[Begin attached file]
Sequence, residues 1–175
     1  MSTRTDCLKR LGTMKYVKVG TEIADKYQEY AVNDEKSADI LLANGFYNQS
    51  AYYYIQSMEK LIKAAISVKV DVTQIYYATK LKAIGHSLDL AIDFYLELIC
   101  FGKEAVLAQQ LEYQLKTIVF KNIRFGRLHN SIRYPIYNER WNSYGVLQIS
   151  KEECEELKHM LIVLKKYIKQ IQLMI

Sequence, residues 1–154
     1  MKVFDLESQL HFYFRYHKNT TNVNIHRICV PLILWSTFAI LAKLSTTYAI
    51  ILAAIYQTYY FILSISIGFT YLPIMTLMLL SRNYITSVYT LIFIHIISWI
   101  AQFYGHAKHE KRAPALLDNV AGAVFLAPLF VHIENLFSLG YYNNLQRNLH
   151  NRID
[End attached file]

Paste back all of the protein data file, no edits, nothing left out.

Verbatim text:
Sequence, residues 1–175
     1  MSTRTDCLKR LGTMKYVKVG TEIADKYQEY AVNDEKSADI LLANGFYNQS
    51  AYYYIQSMEK LIKAAISVKV DVTQIYYATK LKAIGHSLDL AIDFYLELIC
   101  FGKEAVLAQQ LEYQLKTIVF KNIRFGRLHN SIRYPIYNER WNSYGVLQIS
   151  KEECEELKHM LIVLKKYIKQ IQLMI

Sequence, residues 1–154
     1  MKVFDLESQL HFYFRYHKNT TNVNIHRICV PLILWSTFAI LAKLSTTYAI
    51  ILAAIYQTYY FILSISIGFT YLPIMTLMLL SRNYITSVYT LIFIHIISWI
   101  AQFYGHAKHE KRAPALLDNV AGAVFLAPLF VHIENLFSLG YYNNLQRNLH
   151  NRID